Well, it's Friday, and between you and I, Company, I am taking a half day off work. I feel a little bit guilty because, quite frankly, I have been burning through my vacation time at a staggering rate, a half day at a time here during the winter and so I won't have any left for when the weather turns nice. Oh well, I suppose it could be worse.
Anyway, the reason that I am taking a little time off is because I am going to my favorite event of the winter, the friendly local dogsled race. See, it's a fantastic time. The city takes all the snow that they have spent tens of thousands of dollars and the better part of the winter removing from the downtown streets and they truck it back downtown and dump it on the street, so the dogsled race can begin right in the middle of the central business district. How fantastic is that?
Really, I love it because it is like a wintertime street fair but with dogs. There is incessant barking all around - it's the noise of a hundred dogs who want to do nothing but run but who are being held back - and there are tons of people milling about. The TV station is around, with some friendly local anchors announcing the start. I just can't explain it, it's a sight to behold and something that you can't really experience anywhere else.
We always start at the bottom of the hill by the curve. See, the neat thing about the course is that it starts downtown, goes down the main street, then goes down a hill at the bottom of which is a ninety degree right hand turn. Back in the day it used to be a true right hander, a real ninety degrees, and with the dogs a little anxious and the effects of the hill, there would always be a musher or two who would take the corner a little close and end up on his side, getting pulled behind his sled and his overeager dogs. It was great. In years past they have widened out the curve a bit, and so now we just wait to see if someone clunks one of the 55-gallon drums that line the course. So that is prime location and that's why we always start at the curve.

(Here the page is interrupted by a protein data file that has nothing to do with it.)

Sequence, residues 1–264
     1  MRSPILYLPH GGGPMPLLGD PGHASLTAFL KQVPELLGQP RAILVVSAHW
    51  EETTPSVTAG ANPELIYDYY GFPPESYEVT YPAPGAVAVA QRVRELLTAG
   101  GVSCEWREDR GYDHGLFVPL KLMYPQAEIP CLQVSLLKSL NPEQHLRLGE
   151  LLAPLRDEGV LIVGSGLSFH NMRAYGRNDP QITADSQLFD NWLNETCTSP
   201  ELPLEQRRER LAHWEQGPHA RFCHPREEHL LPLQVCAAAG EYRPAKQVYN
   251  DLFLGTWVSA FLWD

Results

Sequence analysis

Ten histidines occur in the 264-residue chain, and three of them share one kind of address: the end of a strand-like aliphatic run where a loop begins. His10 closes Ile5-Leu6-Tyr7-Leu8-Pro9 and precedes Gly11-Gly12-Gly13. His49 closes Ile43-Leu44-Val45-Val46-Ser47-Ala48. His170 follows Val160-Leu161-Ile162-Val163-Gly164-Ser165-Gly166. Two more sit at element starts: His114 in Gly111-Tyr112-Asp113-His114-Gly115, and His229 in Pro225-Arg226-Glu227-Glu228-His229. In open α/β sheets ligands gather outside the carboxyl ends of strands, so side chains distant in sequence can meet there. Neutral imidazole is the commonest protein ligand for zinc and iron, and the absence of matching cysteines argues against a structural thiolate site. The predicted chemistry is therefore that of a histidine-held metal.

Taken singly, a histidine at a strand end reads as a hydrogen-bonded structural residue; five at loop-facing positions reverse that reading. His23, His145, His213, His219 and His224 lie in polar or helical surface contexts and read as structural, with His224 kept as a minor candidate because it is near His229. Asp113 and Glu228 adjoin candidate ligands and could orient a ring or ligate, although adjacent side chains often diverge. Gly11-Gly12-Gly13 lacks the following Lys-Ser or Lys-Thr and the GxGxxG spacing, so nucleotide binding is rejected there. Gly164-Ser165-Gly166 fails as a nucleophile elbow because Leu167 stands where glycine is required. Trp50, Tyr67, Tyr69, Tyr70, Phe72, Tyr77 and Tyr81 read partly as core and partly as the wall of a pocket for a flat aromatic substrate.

Later we will make our way up the hill, and stroll past the shops kept open late, and watch the dogs and sleds as they take off. It's neat. The dogs are there straining at the ropes. The friendly TV anchors are prattling away over a loudspeaker. The musher is digging in with everything: his boots, his break, his dragline. There are about five other people helping to hold the sled back. Then, when the buzzer sounds and the clock starts ticking, and everyone lets go of their ropes, the dogs are out of there like a shot, and they are happy as happy can be to be on their way. It's really neat.
That all happens on Friday. The race ends on Sunday, not far from where it starts, but there is rarely a crowd waiting at the finish. Because of the staggered start and the nature of a dogsled race, the mushers and their crews sort of come in far apart. That is probably my biggest regret about the race: that the mushers who work so hard to finish are greeted with basically silence. Such is like I suppose. We really give them a good show.
So that is where I will be Friday, and you will have to bear with me if I miss Saturday or maybe Sunday. I will be out celebrating winter with hundreds of other people. So enjoy the weekend. I know I will be.